A New Freshwater Mussel Species - Meet Uwharries Elktoe

Written By

A team of U.S. Fish and Wildlife Service, U.S. Geological Survey, and North Carolina Natural Resources Commission biologists recently discovered and described a new species of freshwater mussel.

Led by Jason Mays, Asheville Ecological Services Field Office, North Carolina, and Nathan Whelan, Warm Springs Fish Technology Center, the team recently reported their finding in the peer-reviewed journal Zoological Journal of the Linnean Society. The new species is found in the New River and Uwharries River drainages in the Uwharries Mountain region of North Carolina. This region was the inspiration for the name of the new species, Alasmidonta uwharriensis, Uwharries Elktoe. The paper describing the species can be read here.  

The new species resembles the brook floater (Alasmidonta varicosa). In fact, the species was first identified as unique while gathering data for the Brook Floater Species Status Assessment. Non-lethal buccal swabs were used to obtain genetic material from the mussels. Those swabs were then sent to the Southeast Conservation Genetics Lab, part of the Warm Springs Fish Technology Center, to generate genetic data for phylogenetic inference and systematics. Five whole individuals were also collected to serve as voucher specimens. Phylogenetic data clearly showed that Uwharries Elktoe was a distinct, and at the time undescribed, species.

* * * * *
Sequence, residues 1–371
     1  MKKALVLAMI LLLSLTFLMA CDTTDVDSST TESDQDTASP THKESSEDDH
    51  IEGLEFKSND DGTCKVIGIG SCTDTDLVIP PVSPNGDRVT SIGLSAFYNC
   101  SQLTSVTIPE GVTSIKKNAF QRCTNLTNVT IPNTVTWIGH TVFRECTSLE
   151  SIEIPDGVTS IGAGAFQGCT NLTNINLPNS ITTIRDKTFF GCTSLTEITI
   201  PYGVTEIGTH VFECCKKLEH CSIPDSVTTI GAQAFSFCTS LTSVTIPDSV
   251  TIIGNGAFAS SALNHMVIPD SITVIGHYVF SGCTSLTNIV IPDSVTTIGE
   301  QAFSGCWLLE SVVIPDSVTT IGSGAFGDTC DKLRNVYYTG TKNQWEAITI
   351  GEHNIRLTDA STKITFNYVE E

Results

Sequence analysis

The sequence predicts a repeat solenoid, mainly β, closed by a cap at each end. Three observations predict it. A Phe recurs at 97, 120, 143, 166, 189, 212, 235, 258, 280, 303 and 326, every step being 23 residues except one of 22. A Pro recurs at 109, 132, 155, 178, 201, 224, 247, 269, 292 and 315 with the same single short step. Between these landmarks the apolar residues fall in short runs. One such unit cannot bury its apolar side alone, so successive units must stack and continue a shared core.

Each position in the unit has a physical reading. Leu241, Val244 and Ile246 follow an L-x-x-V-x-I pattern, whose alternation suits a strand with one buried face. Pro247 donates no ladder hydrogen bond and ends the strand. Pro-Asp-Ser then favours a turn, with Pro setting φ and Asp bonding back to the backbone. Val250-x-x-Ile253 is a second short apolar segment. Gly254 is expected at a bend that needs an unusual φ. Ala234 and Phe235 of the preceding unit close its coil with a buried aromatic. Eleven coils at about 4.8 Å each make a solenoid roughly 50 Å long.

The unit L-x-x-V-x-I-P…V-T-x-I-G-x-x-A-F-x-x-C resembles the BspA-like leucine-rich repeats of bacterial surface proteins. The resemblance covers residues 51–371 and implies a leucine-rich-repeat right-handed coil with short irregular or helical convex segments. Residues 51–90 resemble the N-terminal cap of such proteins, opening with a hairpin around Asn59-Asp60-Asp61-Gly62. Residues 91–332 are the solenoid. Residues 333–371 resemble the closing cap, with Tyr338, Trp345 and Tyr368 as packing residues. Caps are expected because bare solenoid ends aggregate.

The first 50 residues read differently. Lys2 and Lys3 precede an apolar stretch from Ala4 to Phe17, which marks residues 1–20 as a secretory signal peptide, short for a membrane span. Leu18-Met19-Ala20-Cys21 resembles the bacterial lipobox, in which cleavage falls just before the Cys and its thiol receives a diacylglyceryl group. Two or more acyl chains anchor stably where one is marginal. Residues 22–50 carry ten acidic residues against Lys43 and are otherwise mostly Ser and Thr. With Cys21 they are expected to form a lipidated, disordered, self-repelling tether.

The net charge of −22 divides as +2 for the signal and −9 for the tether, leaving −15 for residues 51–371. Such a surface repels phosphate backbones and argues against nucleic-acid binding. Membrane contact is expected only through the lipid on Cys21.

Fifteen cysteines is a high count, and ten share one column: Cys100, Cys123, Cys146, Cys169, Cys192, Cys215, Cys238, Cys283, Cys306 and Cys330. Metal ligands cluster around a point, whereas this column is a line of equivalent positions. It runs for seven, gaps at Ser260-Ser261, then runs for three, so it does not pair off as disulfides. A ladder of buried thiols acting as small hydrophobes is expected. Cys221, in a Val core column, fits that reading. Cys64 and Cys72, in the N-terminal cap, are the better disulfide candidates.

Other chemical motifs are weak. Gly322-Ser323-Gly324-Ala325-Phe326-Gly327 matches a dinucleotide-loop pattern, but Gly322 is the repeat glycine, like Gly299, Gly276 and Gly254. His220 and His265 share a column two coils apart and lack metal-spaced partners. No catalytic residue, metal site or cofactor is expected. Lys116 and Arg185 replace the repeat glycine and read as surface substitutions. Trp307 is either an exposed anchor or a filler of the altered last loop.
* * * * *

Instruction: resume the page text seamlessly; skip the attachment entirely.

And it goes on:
The process of discovering a new species is exciting for any biologist. After genetic data confirmed that the mussel from the Uwharries Mountain region was a valid species, the team performed what is probably the best part of discovering a new species, naming it. However, a species description is more than just coming up with a new name. Genetic data were submitted to public repositories, and the new name had to be registered with the International Commission on Zoological Nomenclature. Type specimens, the individuals that serve as the reference for the species, had to be deposited in a natural history museum. For this species, types were deposited at the Smithsonian Institution National Museum of Natural History. The specimens will serve as a permanent scientific resource for current and future biologists studying the exceptional freshwater biodiversity of the southeastern United States.   

The freshwater fauna of the Uwharries Mountain region is poorly studied. Therefore, the region may still harbor unknown species. The Service and North Carolina Wildlife Resource Commission biologists continue their collaboration to better understand the animals of the Uwharries Mountain region. More exciting discoveries from the area should be expected in the future! 

By Nathan V. Whelan, Southeast Conservation Genetics Lab, Warm Springs Fish Technology Center, Georgia